All this adds up to a young man who boarded the Beagle with a certain mental template--a certain way of perceiving the world--that would determine how his "facts" would be interpreted, and this does impact his science. As leading Darwin scholar the late Howard E. Gruber (1922-2005) has noted, "The pandemonium of Darwin's notebooks and his actual way of working--theorizing, experimenting, casual observing, cagey questioning, reading, etc.--would never have passed muster in a methodological court of inquiry among Darwin's scientific contemporaries. He gave his work the time and energy necessary to permit this confusion to arise . . . . Insofar as he said anything publicly on the subject of method, Darwin presented himself in ways that are not supported by the evidence of the notebooks."8 This has led to some confusion as to the actual nature of Darwin's methodology, some of which, Gruber explains, "arises from Darwin's desire to defend his unpopular views by suggesting that he had been driven to them by a mass of unassailable evidence, rather than the less acceptable reality that much of his evidence had been indeed patiently assembled, but only after his views were quite well developed."9 Darwin always insisted that he left his faith slowly, imperceptibly, even reluctantly, but the facts speak otherwise. "In truth," writes Browne, "Darwin was profoundly conditioned to become the author of a doctrine inimical to religion."10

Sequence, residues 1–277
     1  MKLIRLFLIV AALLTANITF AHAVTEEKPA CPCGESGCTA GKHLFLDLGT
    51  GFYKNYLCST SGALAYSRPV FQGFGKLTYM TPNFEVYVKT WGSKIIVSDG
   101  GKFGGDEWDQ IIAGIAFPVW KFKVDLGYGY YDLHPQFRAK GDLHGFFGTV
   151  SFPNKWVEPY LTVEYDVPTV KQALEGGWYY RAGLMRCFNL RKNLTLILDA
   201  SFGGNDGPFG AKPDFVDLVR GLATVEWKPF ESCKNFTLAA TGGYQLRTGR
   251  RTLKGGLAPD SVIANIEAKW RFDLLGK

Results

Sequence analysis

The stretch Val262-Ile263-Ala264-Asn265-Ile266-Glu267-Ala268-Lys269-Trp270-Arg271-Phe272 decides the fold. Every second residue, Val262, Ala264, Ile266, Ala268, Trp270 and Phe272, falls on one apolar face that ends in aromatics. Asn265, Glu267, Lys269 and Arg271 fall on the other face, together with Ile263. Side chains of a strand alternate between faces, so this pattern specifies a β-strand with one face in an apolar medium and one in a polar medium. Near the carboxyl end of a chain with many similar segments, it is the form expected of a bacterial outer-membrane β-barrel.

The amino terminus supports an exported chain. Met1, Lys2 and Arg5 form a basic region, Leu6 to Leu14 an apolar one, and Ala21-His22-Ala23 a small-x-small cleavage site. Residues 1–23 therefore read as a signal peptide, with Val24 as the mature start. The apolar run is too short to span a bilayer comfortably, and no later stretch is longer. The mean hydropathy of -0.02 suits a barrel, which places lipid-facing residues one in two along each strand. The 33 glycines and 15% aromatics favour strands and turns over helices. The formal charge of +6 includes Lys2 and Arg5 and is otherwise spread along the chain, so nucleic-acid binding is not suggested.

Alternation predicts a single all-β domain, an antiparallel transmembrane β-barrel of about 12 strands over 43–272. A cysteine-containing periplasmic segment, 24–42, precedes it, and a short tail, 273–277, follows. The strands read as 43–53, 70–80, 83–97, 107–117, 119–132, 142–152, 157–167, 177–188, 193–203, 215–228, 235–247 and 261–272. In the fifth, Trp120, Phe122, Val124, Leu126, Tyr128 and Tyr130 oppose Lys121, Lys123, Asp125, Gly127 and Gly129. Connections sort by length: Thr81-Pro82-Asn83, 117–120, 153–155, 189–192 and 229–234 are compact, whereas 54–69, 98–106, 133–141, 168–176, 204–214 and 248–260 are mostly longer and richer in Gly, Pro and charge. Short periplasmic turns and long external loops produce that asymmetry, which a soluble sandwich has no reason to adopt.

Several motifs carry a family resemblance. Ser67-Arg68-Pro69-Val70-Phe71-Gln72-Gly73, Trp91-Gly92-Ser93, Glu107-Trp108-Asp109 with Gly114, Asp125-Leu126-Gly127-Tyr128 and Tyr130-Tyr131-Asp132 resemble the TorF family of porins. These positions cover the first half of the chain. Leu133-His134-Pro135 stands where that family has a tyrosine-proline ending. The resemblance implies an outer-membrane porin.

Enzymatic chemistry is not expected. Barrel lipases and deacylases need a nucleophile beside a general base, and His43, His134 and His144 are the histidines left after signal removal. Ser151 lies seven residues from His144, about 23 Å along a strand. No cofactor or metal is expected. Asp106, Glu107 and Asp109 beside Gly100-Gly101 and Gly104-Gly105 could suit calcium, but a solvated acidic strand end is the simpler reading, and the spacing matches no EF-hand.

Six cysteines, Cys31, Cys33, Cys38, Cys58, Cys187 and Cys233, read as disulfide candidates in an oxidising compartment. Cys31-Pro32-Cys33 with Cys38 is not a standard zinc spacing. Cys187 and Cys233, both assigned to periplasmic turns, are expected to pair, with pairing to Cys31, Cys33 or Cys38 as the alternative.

This idealized picture of "objective observation" and assiduous "fact sifting" crafted by Darwin in his Autobiography undoubtedly led Janet Browne to open her two-volume magisterial work with an observation of her own, namely, that Darwin's "autobiography and the path of history itself have thrown up a smoke screen almost as effective as if no records had been left behind at all."11 Sure, we can all say that Darwin's autobiography was originally intended only for close friends and family, that it was only posthumously published, and that these reminiscences were clearly designed to be informal reflections. "Nevertheless," Browne reminds us, "in choosing which memories to record in words, in selecting the anecdotes, he was constructing himself in the shape in which he wished to know himself and to be known by."12